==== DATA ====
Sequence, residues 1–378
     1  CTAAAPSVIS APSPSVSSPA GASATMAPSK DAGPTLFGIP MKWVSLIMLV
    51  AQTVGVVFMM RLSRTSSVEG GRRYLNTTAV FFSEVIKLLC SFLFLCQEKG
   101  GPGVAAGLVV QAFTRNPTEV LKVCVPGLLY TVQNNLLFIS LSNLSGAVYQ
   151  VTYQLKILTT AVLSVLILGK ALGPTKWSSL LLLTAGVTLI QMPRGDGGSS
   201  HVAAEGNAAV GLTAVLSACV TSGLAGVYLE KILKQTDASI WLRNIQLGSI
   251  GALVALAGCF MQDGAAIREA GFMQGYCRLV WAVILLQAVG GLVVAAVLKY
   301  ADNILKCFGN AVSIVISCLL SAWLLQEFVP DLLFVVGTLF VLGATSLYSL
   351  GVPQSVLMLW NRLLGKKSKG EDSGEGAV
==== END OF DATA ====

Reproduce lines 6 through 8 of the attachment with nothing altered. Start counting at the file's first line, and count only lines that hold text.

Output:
   201  HVAAEGNAAV GLTAVLSACV TSGLAGVYLE KILKQTDASI WLRNIQLGSI
   251  GALVALAGCF MQDGAAIREA GFMQGYCRLV WAVILLQAVG GLVVAAVLKY
   301  ADNILKCFGN AVSIVISCLL SAWLLQEFVP DLLFVVGTLF VLGATSLYSL